This familiarity with SQL means that sometimes we are a bit slow at preventing some of our projects investing in other big data languages such as MapReduce, Impala, Spark, Java and many of the new generation of SQL-like open source projects. While many of these new languages are considered “cool”, it is very easy to end up building new proprietary data silos or investing in a language that eventually is replaced by another open source project or investing time and effort in code that eventually fails to deliver the required analytics.

One of the aims of this series of blog posts is to refresh your memory about why SQL has been so successful in the area of analytics. SQL has four unique features that make it perfect for data analysis...

    [Read More]

    Tuesday Mar 03, 2015

    Are you leveraging Oracle's database innovations for Cloud and Big data?

    If you are interested in big data, Hadoop, SQL and data warehousing then mark your calendars because on March 18th at 10:00AM PST/1:00PM EST, you will be able to hear Tom Kyte (Oracle Database Architect) talk about how you can use Oracle Big Data SQL to seamlessly integrate all your Hadoop big data datasets with your relational schemas stored in Oracle Database 12c. As part of this discussion Tom will outline how you can build the perfect foundation for your enterprise big data management system using Oracle's innovative technology.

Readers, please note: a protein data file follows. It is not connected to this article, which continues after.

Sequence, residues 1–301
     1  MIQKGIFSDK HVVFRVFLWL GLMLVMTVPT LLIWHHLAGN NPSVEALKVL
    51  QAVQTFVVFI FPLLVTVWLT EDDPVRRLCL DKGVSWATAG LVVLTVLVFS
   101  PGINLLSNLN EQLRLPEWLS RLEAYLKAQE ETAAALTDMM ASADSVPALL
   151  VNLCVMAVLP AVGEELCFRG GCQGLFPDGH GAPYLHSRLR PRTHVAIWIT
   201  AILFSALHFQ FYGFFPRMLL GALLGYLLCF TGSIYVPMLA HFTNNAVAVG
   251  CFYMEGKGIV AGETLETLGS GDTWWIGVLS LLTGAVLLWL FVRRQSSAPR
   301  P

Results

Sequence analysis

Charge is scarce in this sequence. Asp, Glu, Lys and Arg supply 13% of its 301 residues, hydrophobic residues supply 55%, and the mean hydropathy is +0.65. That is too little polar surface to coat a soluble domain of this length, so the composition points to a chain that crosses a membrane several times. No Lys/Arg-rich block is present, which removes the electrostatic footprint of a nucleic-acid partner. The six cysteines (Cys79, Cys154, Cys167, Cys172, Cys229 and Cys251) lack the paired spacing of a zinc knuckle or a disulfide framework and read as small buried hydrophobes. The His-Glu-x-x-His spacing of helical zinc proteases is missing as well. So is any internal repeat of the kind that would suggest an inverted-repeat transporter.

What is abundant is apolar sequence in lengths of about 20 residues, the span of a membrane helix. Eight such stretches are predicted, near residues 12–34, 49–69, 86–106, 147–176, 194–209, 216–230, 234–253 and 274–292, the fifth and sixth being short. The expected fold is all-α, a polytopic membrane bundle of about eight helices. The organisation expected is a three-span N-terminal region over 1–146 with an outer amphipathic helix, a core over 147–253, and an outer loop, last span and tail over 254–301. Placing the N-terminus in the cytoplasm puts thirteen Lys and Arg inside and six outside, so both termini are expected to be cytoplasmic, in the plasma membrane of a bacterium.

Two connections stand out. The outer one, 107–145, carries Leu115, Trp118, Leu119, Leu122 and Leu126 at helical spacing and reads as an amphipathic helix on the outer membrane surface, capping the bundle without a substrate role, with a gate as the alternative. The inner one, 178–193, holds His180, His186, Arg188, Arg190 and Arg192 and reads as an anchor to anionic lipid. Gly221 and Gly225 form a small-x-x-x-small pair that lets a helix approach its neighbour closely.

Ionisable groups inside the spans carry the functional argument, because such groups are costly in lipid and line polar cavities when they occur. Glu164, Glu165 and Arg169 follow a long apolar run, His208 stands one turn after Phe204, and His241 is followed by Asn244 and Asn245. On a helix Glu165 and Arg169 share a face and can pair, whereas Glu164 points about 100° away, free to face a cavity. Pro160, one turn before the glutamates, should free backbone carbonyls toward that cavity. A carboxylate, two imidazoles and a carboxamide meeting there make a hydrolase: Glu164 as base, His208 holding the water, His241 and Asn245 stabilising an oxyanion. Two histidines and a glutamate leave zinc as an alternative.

If you are working on a data warehousing project and/or a big data project then this is one webcast you will not want to miss so register today (click here) to hear the latest about Oracle Database innovations and best practices. The full list of speakers is:

    Tom Kyte
    Oracle Database Architect
    Keith Wilcox
    VP, Database Administration
    Bill Callahan
    Director, Principal Engineer,
    CCC Information Services, Inc.

    Why SQL is the natural language for data analysis

    Analytics is a must-have component of every corporate data warehousing and big data project. It is the core driver for the business: the development of new products, better targeting of customers with promotions, hiring of new talent and retention of existing key talent. Yet the analysis of especially “big data environments”, data stored and processed outside of classical relational systems, continues to be a significant challenge for the majority companies. According to Gartner, 72% of companies are planning to increase their expenditure on big data yet 55% state they don’t have the necessary skills to make use of it.